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1:10 mins

The Problem Podcast

Jon Talks Misinfo With Ev Williams and Dr. Joan Donovan

Well, Jon has gone and stepped in it again! So this week Jon is joined by Harvard professor and misinformation expert Dr. Joan Donovan to discuss RoganGate and how to combat misinformation. Later, Jon speaks with Ev Williams, co-founder of Twitter, the website where misinformation goes to superspread alongside Wordle scores.

THE PROBLEM WITH JON STEWART PODCAST

Episode 15 Final Transcript

Jon: We’re ready to do this thing. Should I — do I have to wait or no? We’re good? Already rolling. Here we go. Here we go.

[INTRO MUSIC CUE]

Jon: Hello, everybody, and welcome to The Problem With Jon Stewart podcast, we’re joining you live with Jay Jurden and Kris Acimovic where, you know, last week we did a podcast as well. I don’t even know if you know this, we do this every week now.

Kris: We do.

Jon: We do it every week.

Jay: It’s required.

Jon: Jay Jurden was on the podcast last week.

Jay: I was?

Jon: Along with Chelsea Devantez, yes, who was our head writer. And now we have our new head writer, Kris Acimovic.

Kris: That’s right.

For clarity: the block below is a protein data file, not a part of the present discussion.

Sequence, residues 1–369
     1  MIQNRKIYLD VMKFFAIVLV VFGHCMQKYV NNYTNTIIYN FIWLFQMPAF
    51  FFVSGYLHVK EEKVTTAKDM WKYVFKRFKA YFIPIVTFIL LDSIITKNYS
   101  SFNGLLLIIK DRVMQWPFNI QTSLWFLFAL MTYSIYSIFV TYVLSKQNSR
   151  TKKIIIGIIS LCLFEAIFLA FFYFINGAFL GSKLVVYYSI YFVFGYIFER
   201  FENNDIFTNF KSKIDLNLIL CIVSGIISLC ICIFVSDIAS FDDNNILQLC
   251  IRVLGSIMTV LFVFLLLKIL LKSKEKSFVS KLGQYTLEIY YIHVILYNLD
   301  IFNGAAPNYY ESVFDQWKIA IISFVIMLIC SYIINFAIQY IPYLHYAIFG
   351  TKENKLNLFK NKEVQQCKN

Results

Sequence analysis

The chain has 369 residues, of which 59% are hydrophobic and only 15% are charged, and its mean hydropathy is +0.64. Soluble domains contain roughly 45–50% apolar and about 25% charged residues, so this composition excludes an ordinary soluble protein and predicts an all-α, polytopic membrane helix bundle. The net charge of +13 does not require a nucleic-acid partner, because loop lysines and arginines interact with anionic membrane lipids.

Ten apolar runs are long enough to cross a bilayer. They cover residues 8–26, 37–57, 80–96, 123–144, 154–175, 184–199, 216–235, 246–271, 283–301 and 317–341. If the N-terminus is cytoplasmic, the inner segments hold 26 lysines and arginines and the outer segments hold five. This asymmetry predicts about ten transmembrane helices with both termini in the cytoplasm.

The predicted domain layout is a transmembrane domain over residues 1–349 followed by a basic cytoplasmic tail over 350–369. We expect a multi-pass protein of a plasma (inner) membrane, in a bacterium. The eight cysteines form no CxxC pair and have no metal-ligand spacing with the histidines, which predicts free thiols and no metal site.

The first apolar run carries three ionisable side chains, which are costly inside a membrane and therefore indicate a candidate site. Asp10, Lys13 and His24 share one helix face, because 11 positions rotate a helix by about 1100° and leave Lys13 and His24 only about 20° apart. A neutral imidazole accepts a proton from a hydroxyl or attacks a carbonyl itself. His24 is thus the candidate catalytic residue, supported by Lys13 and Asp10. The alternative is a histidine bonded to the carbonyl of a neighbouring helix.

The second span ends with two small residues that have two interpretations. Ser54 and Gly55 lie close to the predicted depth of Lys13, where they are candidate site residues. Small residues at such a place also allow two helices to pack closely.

Jay: That’s right. That’s right. The podcast last week was so crazy we had to change head writers.

[JON LAUGHS]

Kris: We had to switch. [KRIS LAUGHS] She was like, I’m leaving. I’m done with this.

Jay: Chelsea-

Jon: She said you know what? [JAY LAUGHS] I’m out of this joint. I am out of here.

Jay: She heard the fallout and she said, “You know what? Back to California.”

Jon: I’m going to miss that woman dearly, but Kris, we’re delighted to have you step up. And the reason, Kris, you know, we have, obviously, there’s a few writers on the show, but Kris, we elevated because of her fierce disciplinarian nature. She is —

Jay: Jon. We —

Kris: That’s right.

Jay: — already have summer reading from Kris. [KRIS LAUGHS] We already have homework.

Jon: It’s the physical intimidation for me. It’s not even the way that she forces.